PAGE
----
Type of response:
In March 2015 Cyclone Pam struck the Pacific island of Vanuatu and caused widespread damage across all five provinces – Shefa, Tafea, Malampa, Penama and Torba – of the country. Winds ranging as fast as 320 kilometres an hour were recorded in the capital Port Vila. More than 180,000 people in total were affected by the effects of the extreme weather.
Initial assessments showed massive damage to crops, livestock and fishing reserves – which together form the main sources of livelihood for the majority of Vanuatu citizens. Food stocks were either washed or blown away and no reserves were left to cover the immediate food needs of the population. Failure to provide short-term humanitarian assistance would not only leave the population in acute need – it would also have disrupted the planting season, leading to further food shortages in the medium-term.
Cyclone Pam also caused significant damage to buildings across the island – more than 75,000 people were in direct need of emergency shelter after their houses were destroyed or damaged in the immediate aftermath of the cyclone.
The Dutch Relief Alliance (DRA launched the Acute Crisis Mechanism (ACM) for the first time in its history to respond to the devastating effects of Cyclone Pam on Vanuatu. Based on the clear need for international assistance (the President of Vanuatu declared a state of emergency almost immediately after the Cyclone hit the country, requesting international assistance) and the presence of DRA members able to productively respond to this request, and the fact that more than half the country’s population was affected by the cyclone, the decision was made to develop a Joint Response.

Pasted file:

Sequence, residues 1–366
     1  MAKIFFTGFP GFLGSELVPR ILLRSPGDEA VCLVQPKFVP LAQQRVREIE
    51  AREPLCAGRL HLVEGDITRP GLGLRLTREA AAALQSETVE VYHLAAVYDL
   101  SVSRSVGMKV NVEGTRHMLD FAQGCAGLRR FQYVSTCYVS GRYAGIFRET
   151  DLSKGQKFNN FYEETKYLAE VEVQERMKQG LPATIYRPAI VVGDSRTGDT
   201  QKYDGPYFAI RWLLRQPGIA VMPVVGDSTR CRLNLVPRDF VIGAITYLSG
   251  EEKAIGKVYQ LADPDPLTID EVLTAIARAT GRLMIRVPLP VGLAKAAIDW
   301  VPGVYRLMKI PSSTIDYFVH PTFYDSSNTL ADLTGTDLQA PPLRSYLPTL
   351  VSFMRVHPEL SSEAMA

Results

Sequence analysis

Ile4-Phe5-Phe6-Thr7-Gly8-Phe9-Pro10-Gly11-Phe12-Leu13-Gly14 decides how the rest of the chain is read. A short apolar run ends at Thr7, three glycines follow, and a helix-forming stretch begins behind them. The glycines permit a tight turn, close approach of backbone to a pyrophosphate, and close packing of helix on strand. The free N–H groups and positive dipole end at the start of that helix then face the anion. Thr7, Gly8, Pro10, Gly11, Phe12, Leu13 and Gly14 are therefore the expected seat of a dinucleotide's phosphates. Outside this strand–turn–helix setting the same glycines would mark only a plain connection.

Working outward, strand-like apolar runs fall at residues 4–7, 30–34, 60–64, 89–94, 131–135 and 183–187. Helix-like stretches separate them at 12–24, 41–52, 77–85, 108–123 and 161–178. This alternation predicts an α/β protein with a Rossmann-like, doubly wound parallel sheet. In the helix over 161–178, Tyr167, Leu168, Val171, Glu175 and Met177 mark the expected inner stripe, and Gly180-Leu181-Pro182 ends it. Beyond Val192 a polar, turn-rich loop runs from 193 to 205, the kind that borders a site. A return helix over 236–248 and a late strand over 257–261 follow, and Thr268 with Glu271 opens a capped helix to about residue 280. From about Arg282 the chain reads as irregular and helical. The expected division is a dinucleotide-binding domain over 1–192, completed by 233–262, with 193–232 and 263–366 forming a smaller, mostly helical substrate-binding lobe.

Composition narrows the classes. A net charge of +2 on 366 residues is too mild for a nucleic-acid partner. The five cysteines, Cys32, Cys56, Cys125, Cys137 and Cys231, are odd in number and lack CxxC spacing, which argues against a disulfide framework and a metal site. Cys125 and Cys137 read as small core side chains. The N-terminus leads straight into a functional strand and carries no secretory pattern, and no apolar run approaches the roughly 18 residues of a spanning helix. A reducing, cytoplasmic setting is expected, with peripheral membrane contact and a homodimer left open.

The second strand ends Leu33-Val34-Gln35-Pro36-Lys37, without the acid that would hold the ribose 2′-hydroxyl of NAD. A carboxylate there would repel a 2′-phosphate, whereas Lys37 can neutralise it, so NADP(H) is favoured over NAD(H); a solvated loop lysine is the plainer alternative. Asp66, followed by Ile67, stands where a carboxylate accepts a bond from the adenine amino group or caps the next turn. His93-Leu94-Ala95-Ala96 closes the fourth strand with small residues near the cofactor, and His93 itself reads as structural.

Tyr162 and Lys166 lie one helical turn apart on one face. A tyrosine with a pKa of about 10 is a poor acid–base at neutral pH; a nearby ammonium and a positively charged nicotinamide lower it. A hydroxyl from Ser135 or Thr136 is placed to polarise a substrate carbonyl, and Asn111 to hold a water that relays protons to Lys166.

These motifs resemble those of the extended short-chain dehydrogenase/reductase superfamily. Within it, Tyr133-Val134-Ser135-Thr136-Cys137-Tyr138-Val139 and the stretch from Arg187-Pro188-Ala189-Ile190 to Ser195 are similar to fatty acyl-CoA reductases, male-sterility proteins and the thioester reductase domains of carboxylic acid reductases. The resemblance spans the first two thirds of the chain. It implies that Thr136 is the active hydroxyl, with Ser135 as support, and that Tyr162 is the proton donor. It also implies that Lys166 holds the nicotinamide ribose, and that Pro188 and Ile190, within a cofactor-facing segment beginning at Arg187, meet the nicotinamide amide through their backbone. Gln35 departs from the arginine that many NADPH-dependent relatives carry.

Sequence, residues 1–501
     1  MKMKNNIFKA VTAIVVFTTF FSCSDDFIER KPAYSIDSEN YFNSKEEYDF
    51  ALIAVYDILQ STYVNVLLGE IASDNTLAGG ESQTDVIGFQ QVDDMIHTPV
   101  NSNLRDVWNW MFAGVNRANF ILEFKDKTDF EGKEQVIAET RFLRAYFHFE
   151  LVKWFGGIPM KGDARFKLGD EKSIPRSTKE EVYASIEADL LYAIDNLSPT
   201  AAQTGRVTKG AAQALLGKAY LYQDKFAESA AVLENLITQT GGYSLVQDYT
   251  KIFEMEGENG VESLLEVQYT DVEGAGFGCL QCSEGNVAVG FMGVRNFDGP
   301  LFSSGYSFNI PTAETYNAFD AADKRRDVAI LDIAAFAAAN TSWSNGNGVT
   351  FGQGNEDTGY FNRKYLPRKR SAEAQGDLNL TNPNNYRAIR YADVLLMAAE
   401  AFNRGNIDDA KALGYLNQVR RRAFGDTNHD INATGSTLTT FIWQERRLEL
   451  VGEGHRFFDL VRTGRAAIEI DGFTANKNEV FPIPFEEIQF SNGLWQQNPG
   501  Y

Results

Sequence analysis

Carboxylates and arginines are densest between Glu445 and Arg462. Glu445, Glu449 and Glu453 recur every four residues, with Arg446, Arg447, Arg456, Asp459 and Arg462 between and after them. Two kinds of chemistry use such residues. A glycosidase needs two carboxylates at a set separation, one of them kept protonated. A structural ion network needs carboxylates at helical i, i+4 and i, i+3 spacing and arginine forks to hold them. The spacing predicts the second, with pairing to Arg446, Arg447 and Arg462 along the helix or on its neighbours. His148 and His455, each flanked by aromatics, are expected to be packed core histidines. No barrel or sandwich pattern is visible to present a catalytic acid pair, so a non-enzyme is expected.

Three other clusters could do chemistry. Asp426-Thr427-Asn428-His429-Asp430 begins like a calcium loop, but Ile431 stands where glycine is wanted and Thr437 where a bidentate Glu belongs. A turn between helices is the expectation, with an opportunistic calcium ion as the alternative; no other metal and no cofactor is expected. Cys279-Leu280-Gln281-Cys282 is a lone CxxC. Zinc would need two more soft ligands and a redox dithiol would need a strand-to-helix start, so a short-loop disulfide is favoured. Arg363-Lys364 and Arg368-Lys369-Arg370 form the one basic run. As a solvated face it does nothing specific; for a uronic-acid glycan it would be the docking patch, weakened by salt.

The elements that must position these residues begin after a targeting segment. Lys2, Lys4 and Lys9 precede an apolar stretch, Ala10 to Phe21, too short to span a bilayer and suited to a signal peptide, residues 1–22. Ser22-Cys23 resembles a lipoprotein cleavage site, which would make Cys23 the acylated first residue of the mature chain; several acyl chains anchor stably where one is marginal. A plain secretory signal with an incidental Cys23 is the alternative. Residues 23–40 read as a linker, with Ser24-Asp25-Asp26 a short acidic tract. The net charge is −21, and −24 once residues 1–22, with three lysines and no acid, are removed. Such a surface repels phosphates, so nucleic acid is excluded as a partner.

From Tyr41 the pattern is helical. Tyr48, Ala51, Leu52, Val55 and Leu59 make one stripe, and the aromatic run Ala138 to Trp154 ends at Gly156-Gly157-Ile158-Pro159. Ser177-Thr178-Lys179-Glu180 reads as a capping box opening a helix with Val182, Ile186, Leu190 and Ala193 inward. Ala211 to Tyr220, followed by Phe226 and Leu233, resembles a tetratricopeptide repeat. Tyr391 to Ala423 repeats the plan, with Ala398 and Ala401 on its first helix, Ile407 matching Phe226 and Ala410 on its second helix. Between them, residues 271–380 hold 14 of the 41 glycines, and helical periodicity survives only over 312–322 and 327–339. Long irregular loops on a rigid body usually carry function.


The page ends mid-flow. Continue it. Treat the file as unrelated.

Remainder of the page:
The humanitarian action supported more than 3,200 households with emergency food supplies and nearly 3,000 households provided with emergency shelters. In addition, more than 18,600 schoolchildren were provided with ongoing food supplies.